A Comprehensive Look At Knee Injuries In Sports

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A Comprehensive Look at Knee Injuries in Sports
        The knee is a complex joint. There are many different injuries that can occur during sports. The most predominant type of injuries to the knee are those done to the Meniscus and the ligaments. There are two areas of ligaments that are commonly affected; the Cruciate ligaments and the Collateral ligaments. Within the Cruciate ligaments there are posterior and anterior injuries, and within the Collateral ligaments there are medial and lateral injuries. It is very important that these injuries be taken seriously in athletics due to the seriousness of their affects to the knee.
        One of the most commonly injured part of the knee is the meniscus. The meniscus is a wedge-like rubbery cushion where bones of your legs connect. The meniscal cartilage curves like the letter "c", and helps the knee joint carry weight, glide and turn in many directions. This helps prevent the bones in the leg from grinding against each other.
        The two Menisci are easily injured by the force of rotating the knee while bearing weight. A partial or total tear can occur and the serious of the injury depends on the location of the tear.
        When an athlete tears the meniscus he might experience a "popping" feeling, but he may still be able to continue playing. The following days after the tear the player will experience more pain accompanied by stiffness and swelling, tenderness in the joint line, and collection of fluid on the knee. Sever pain may occur if a fragment of the meniscus gets caught between the femur and tibia.
        Treatment for a mild meniscus tear is basic. Using the "RICE" formula, rest, ice, compression, and elevation; the knee may be able to heal on its own.
Some doctors may recommend therapy to strengthen the muscle. If the tear does not heal on its own, repair may be necessary. Either through arthroscopic surgery or open surgery. These two surgeries will be performed to trim off the pieces of cartilage damaged by the injury.
        Injuries to the Anterior and Posterior Cruciate Ligaments are generally referred to as sprains. The ACL, Anterior Cruciate Ligament, is usually stretched or torn while when the feet are pointed in one direction and the knees are turned in the opposite direction. The PCL, Posterior Cruciate Ligament, is usually injured by a direct blow to the area.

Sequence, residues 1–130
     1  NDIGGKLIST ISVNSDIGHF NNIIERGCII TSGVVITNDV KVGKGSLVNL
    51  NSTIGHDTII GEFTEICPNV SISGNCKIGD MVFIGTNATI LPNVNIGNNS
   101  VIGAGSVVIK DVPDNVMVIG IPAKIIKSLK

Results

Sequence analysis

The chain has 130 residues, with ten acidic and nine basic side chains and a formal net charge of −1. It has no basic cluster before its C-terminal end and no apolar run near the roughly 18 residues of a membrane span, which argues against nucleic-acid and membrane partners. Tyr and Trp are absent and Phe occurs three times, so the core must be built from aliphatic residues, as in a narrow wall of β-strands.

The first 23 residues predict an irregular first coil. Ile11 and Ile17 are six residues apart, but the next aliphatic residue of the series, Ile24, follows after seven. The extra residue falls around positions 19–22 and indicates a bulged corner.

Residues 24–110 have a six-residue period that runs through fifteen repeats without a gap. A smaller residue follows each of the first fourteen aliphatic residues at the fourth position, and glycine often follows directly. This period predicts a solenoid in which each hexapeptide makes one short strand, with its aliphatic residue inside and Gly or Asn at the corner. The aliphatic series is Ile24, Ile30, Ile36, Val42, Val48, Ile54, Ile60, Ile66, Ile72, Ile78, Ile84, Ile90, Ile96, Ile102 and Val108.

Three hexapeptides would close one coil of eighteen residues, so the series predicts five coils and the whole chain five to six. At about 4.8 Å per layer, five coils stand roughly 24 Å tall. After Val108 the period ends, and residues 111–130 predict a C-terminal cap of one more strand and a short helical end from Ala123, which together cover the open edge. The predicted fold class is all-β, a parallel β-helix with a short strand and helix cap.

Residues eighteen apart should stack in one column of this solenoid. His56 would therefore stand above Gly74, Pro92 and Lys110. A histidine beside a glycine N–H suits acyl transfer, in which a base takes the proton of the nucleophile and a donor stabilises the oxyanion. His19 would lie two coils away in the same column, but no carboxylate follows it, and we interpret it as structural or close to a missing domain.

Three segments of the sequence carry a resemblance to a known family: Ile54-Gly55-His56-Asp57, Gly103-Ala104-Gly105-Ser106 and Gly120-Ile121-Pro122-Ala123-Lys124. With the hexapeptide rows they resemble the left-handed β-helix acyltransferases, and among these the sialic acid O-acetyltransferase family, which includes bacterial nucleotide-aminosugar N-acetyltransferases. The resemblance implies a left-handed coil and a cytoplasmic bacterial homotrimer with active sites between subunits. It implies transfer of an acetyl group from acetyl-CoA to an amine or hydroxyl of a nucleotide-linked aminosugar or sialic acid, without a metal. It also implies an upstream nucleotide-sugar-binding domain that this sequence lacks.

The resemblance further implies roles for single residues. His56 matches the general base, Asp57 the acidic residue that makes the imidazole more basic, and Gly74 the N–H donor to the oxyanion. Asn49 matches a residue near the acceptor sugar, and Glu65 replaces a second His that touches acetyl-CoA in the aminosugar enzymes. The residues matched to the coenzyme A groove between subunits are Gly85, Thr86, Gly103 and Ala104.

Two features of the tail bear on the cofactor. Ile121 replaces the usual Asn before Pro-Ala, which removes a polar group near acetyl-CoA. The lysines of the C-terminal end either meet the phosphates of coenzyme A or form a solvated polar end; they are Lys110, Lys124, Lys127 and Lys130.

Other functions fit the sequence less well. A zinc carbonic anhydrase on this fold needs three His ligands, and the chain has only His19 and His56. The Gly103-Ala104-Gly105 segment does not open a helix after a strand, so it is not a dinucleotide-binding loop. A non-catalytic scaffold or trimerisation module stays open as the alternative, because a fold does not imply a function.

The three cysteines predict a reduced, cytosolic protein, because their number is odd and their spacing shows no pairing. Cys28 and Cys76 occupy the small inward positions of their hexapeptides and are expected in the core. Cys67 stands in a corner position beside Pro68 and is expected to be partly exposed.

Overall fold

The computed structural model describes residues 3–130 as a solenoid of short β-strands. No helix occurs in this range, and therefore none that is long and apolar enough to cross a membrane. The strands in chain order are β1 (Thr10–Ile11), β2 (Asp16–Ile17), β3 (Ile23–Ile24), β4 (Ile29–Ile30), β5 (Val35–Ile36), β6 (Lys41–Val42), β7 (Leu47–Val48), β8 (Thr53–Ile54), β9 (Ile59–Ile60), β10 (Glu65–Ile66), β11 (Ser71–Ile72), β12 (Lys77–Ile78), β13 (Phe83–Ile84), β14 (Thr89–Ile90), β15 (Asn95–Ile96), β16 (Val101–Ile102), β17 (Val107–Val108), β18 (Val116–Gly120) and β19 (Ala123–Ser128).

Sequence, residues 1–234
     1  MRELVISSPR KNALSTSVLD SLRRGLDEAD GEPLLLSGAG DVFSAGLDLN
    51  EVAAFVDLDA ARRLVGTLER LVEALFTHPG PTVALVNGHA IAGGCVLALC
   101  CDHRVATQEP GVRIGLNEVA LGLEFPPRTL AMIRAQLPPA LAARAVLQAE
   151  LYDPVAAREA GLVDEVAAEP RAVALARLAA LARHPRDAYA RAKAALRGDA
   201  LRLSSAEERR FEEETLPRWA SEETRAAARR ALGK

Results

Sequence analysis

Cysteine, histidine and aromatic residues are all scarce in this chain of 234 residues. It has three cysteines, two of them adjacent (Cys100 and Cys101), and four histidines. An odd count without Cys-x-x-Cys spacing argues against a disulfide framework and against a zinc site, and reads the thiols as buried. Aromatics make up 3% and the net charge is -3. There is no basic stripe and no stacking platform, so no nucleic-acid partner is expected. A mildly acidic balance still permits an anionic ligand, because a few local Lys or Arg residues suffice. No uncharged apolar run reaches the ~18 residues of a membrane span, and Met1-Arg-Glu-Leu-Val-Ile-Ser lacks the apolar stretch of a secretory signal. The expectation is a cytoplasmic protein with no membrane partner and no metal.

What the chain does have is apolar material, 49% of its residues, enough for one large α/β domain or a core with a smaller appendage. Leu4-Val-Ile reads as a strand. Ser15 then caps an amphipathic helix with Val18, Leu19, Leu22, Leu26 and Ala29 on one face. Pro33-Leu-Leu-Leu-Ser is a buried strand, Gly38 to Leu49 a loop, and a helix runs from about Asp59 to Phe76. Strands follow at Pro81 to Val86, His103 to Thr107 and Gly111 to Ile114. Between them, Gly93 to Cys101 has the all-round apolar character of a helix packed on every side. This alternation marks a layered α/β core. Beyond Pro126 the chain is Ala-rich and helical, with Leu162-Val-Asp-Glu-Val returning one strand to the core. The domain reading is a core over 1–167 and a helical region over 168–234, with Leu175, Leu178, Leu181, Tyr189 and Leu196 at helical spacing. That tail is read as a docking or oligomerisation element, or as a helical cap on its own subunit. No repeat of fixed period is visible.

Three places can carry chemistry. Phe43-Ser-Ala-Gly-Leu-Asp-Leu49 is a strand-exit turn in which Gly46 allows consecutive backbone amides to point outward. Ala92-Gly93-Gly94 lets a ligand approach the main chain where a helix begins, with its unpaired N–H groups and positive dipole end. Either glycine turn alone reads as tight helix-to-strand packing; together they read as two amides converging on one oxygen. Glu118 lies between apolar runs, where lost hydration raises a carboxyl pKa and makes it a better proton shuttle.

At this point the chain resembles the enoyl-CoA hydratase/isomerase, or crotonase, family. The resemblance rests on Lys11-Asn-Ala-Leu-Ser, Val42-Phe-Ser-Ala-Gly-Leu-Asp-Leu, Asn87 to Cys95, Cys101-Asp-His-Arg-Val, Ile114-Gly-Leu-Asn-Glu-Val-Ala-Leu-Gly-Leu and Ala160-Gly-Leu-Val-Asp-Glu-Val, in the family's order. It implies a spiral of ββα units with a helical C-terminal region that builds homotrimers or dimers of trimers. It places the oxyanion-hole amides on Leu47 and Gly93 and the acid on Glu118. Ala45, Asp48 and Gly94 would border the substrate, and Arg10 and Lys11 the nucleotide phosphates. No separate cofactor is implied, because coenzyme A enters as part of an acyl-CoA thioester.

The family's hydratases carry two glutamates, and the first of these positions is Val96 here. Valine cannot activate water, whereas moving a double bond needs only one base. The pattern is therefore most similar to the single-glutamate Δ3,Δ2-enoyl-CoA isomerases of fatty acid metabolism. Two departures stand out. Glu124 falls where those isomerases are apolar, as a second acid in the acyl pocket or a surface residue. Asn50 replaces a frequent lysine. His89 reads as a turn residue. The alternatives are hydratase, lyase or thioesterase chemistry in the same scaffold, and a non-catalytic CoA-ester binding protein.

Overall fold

An injury to the cruciate ligament may not be painful but the athlete will hear a popping noise or the leg may buckle while standing.
        If the ligament not completely torn, exercises can be done to strengthen the surrounding muscles, including the quadriceps and hamstrings, or the athlete may need to wear a knee brace during the activity to prevent further damage to the injured ligament thus allowing it to heal. For a torn ligament surgery is recommended followed by an intense four to six weeks of rehabilitation which if successful will allow the athlete to return to normal play.
        An injury to the Medial Collateral Ligament usually occurs from a direct blow to the outer side of the knee which causes the ligaments on the inner side of the knee to stretch and tear. A Lateral Collateral Ligament would be the opposite as the medial where the direct blows occurs from a direct blow to the inner side of the knee causing the stretching and tearing of the ligament in the outer side of the knee . The athlete will feel a pop and possible buckling of the knee sideways. Pain and swelling usually follows. This type of injury usually heals with ice and rest in addition to exercises. Within two to four weeks the athlete should be fully recovered.
        It is very important for an athlete to protect his knees. Most injuries to the knee occur from a direct blow or from the twisting of the knee in the opposite direction that the feet are planted. In sports these injuries are predominant and usually are of a serious nature. If these injuries happen to an athlete there is a large possibility that the athlete will have to undergo surgery which will put a hold on his activities for a short period of time. Following surgery there is usually a prolonged time of rehabilitation that must occur before the athlete is able to return to any normal activity. Rehabilitation can last anywhere from two weeks to two months and usually is a very frustrating process. These two type of injuries to the ligaments and injuries to the meniscus must be taken very seriously in sports to prevent injuring the knee permanently.

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